If grace can be decreased in power and effectiveness, hopefully there is a way to increase the same. Paul keeps saying “grace to you” at the beginning of his epistles and Peter tells us to “grow in grace, and in the knowledge of our Lord and Saviour Jesus Christ.” ( 2 Peter 3:18)

The first way to increase grace is frankly out of our control – or better be:

  • “Moreover the law entered, that the offence might abound. But where sin abounded, grace did much more abound” (Romans 5:20)

Which statement Paul quickly clarifies two verses later, highlighted with another “God forbid”:

  • “What shall we say then? Shall we continue in sin, that grace may abound? God forbid. How shall we, that are dead to sin, live any longer therein?” (Romans 6:1-2)

Grace – the desire and power to overcome sin – is enlarged automatically whenever we are faced with increasing sin. That could be sin from past failures, or new temptation being pushed on us by the devil and his minions. We don’t pick this fight, but if it comes, God responds with an increase of supernatural desire and power to overcome it. And the effects are general and lasting. Those that come to Jesus out of the blackness of sin tend to burn brighter and fly higher than many of us with more protected backgrounds. At times it almost seems unfair . . . But it is how God “rolls”, to use the vernacular. The answer to our failures is not just to put us back together, but to put us together with a “Welcome Home” present, a gift we would never have otherwise had.

  • “The glory of this latter house shall be greater than of the former, saith the Lord of hosts: and in this place will I give peace, saith the Lord of hosts.” (Haggai 2:9)

Is there anything we can do – “legally” – to increase grace? The easy answer is that since God makes grace increase, we can just ask Him for it as we need it:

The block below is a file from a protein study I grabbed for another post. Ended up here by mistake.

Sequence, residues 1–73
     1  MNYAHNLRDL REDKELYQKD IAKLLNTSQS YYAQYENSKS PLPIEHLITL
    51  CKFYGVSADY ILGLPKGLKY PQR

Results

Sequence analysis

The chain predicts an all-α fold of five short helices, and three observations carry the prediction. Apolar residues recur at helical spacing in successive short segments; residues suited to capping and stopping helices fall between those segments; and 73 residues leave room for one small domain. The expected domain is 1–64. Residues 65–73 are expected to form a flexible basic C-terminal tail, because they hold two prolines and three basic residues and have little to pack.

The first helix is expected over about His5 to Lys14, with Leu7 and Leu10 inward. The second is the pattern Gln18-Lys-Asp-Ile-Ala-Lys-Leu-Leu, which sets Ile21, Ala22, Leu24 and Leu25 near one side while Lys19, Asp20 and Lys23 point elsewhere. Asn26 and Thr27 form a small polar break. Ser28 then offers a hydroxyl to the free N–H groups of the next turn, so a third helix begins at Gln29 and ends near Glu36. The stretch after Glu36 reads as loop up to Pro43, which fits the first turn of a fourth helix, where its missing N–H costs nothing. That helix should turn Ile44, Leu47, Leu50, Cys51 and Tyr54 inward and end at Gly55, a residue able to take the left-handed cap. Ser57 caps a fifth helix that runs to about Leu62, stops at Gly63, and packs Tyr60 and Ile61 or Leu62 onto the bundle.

• “And God is able to make all grace abound toward you; that ye, always having all sufficiency in all things, may abound to every good work”. (2 Corinthians 9:8)

We have already focused on the “throne of grace” which we are urged to come to boldly to get all we need. But as we have discovered, we can dispense with that grace, freely given as it is, so there are responsibilities on our part if we are to “grow in grace”.

We need to first go back to another previously cited verse:

  • “Likewise, ye younger, submit yourselves unto the elder. Yea, all of you be subject one to another, and be clothed with humility: for God resisteth the proud, and giveth grace to the humble. Humble yourselves therefore under the mighty hand of God, that he may exalt you in due time: Casting all your care upon him; for he careth for you.” (1 Peter 5:5-7)

This statement – God giving grace to the humble while pushing away the proud – is also found in James 4:6, both of these in turn a quotation from Proverbs 3:34. It tells us that the key to “growing in grace” becomes as simple as how much we are prepared to humble ourselves before God and others. “Clothed with humility”, something we deliberately put on and, like clothing, is clear enough that everyone we are in contact with can see.

Apparently genuine humility is very much our responsibility. It is really not that hard, something any child can do. Dying to our pride, now that is hard. But no Christian should ever be under any illusion that any aspect of blessing or benefit enjoyed is due to his working really hard. Once we realize that God graces us in spite of our helpless and useless labors to improve our standing with Him, then we can relax, ask for, accept that grace, and then with joy “get busy” for Him.

Continue to Grace – Ministering to Others or visit previous in series, Grace – The Rejection of